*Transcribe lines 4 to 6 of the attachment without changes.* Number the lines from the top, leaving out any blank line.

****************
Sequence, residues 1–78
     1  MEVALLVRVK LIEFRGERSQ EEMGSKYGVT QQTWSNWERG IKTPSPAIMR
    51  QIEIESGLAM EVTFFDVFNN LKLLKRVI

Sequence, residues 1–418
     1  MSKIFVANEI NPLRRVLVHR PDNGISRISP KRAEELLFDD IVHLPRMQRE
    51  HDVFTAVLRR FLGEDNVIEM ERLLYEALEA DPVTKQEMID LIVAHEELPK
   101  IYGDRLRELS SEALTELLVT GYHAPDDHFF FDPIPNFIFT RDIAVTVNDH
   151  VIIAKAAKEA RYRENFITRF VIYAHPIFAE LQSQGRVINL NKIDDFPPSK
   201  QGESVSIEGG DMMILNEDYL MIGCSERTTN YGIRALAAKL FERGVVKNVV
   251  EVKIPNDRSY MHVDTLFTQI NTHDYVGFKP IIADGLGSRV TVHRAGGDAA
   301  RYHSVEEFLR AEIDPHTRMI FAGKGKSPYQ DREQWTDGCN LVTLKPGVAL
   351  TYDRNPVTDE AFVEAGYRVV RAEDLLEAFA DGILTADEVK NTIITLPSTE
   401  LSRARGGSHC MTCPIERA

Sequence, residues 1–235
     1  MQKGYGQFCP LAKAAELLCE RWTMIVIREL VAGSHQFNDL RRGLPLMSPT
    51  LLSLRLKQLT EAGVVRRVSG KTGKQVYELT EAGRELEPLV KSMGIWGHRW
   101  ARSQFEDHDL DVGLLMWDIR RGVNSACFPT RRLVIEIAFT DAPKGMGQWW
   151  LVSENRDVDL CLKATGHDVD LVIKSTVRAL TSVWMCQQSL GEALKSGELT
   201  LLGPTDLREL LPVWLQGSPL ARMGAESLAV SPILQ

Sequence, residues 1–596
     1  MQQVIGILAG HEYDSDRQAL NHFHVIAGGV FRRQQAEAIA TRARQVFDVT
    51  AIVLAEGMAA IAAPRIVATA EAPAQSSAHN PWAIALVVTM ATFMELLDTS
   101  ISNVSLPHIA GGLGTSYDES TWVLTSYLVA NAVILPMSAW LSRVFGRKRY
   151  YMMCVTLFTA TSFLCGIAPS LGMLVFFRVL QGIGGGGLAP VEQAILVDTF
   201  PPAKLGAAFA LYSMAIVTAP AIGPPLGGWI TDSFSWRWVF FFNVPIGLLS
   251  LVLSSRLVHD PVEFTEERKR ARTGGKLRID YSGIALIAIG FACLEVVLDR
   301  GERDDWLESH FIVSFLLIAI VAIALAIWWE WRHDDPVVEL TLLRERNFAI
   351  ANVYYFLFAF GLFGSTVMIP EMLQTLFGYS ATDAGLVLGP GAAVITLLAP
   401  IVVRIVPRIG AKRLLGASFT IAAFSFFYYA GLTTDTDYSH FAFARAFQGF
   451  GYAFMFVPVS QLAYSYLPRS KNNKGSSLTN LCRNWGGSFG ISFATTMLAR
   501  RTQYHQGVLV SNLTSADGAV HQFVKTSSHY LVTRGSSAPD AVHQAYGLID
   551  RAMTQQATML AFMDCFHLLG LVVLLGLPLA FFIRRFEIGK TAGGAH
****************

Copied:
Sequence, residues 1–418
     1  MSKIFVANEI NPLRRVLVHR PDNGISRISP KRAEELLFDD IVHLPRMQRE
    51  HDVFTAVLRR FLGEDNVIEM ERLLYEALEA DPVTKQEMID LIVAHEELPK